Exercise and Nutrition Instead of Alcohol and Drugs
Substance abuse changes your body and brain. Chronic use of alcohol, for example, impedes nutrient breakdown and assimilation resulting in nutrition deficiency. consistent opioid use can cause gastrointestinal issues and opioid induced constipation. During opiate withdrawal, the body can experience severe vomiting and diarrhea resulting in nutrient depletion. Drugs such as stimulants also wreck havoc on the body suppressing appetite which can lead to an insufficient intake of vitamins, minerals, and nutrients. Recovering from alcohol or drug abuse is a gradual process, and nutrition is one of many issues that require attention during this process. Nutrition plays a vital role in the addiction recovery process and food is key in helping the body rebuild itself and maintain health. Proper nutrition during the detox and recovery process helps recovering addicts to restore the bodies nutrients, give the body energy, help build and repair organ tissue, and strengthen the immune system. Addiction destroys vital organs during the course of abuse. Proper nutrition provides our clients with the nutritional building blocks they need to begin restoring these damaged tissues. Like proper nutrition, exercise can help with your recovery by lessening potential post-acute withdrawal symptoms you may experience by helping rebuild your body worn down by your alcohol or drug use.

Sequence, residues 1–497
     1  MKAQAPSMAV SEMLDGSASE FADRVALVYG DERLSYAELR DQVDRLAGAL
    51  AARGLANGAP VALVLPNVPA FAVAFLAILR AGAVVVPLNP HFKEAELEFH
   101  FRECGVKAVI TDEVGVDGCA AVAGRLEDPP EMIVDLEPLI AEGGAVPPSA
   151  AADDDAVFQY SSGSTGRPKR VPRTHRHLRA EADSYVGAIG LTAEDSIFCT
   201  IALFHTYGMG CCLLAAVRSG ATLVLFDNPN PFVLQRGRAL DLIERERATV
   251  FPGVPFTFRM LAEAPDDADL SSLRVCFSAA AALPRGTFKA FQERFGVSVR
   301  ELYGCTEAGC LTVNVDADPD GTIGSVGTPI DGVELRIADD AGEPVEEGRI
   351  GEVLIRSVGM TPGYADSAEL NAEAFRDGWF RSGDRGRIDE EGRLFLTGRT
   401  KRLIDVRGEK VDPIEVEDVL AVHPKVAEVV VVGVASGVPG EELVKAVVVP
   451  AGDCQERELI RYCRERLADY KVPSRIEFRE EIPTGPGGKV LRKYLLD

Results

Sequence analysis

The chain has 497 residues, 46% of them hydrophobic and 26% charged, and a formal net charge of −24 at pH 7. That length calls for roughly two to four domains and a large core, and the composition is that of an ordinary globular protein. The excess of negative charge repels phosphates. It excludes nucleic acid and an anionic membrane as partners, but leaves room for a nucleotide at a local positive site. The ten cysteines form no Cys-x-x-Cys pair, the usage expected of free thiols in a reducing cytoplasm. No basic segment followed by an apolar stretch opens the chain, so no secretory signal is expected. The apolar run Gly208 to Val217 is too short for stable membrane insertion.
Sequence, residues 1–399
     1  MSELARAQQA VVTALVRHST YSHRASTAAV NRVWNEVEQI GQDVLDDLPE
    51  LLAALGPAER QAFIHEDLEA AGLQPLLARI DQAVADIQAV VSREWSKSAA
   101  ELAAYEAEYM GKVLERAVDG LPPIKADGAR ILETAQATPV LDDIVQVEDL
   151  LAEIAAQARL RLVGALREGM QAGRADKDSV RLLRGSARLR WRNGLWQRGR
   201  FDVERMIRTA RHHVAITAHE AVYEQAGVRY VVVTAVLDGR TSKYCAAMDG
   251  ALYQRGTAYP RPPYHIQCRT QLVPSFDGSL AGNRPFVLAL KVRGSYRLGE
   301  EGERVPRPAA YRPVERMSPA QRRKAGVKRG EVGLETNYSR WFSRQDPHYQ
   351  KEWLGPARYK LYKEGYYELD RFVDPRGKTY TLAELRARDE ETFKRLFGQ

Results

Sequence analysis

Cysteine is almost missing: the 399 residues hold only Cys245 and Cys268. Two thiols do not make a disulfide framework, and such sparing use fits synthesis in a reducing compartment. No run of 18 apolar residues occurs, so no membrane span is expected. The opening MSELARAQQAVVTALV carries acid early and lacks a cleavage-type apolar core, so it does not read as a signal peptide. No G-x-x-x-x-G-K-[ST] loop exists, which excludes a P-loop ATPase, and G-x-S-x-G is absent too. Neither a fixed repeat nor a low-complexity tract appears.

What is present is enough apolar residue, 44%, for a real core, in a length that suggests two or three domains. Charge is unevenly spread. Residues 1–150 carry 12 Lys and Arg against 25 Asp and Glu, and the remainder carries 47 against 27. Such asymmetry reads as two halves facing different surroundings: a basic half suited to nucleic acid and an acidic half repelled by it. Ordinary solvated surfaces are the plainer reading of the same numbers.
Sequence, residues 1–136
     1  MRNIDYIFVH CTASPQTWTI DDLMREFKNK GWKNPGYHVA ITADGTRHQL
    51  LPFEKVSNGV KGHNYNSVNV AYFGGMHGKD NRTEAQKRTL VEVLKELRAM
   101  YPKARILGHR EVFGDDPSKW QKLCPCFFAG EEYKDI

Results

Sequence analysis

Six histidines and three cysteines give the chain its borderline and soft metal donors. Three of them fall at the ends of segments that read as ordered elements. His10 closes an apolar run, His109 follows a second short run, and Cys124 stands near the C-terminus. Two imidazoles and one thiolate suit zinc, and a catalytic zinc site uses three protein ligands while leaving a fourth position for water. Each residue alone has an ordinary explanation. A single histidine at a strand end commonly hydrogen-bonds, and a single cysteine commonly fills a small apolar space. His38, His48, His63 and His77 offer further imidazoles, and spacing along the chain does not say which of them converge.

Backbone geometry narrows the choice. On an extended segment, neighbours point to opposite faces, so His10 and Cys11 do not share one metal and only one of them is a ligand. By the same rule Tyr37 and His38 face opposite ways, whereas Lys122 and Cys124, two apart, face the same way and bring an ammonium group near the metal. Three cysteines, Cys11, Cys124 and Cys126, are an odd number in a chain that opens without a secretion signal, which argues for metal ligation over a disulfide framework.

The Role Of Exercise in Recovery
Exercise offers many benefits during the recovery process. Research shows that exercise can increase the amount of new nerve connections in the brain, which will help your brain heal from the harm your drug of choice has been causing. It is important to repair the psychological and physical damage of chemical dependency as well as the damaged mind-body connection. Exercise has been shown to alleviate both physical and psychological stress, but when you exercise your body releases endorphins which create a natural high and calm. The same endorphins released during physical exercise are the same endorphins released while you abused substances. However, the consistent abuse of drugs and alcohol cause chemical imbalances that interfere with a person’s ability to feel pleasure, happiness, and satisfaction. Physical activity during detox and recovery will help you reintroduce natural balanced levels of endorphins in your brain. This not only helps you feel better, but reteaches your brain that it is capable of regulating it's own chemistry and mood in healthy, natural ways.
How Nutrition Plays An Important Role In Our Mental Health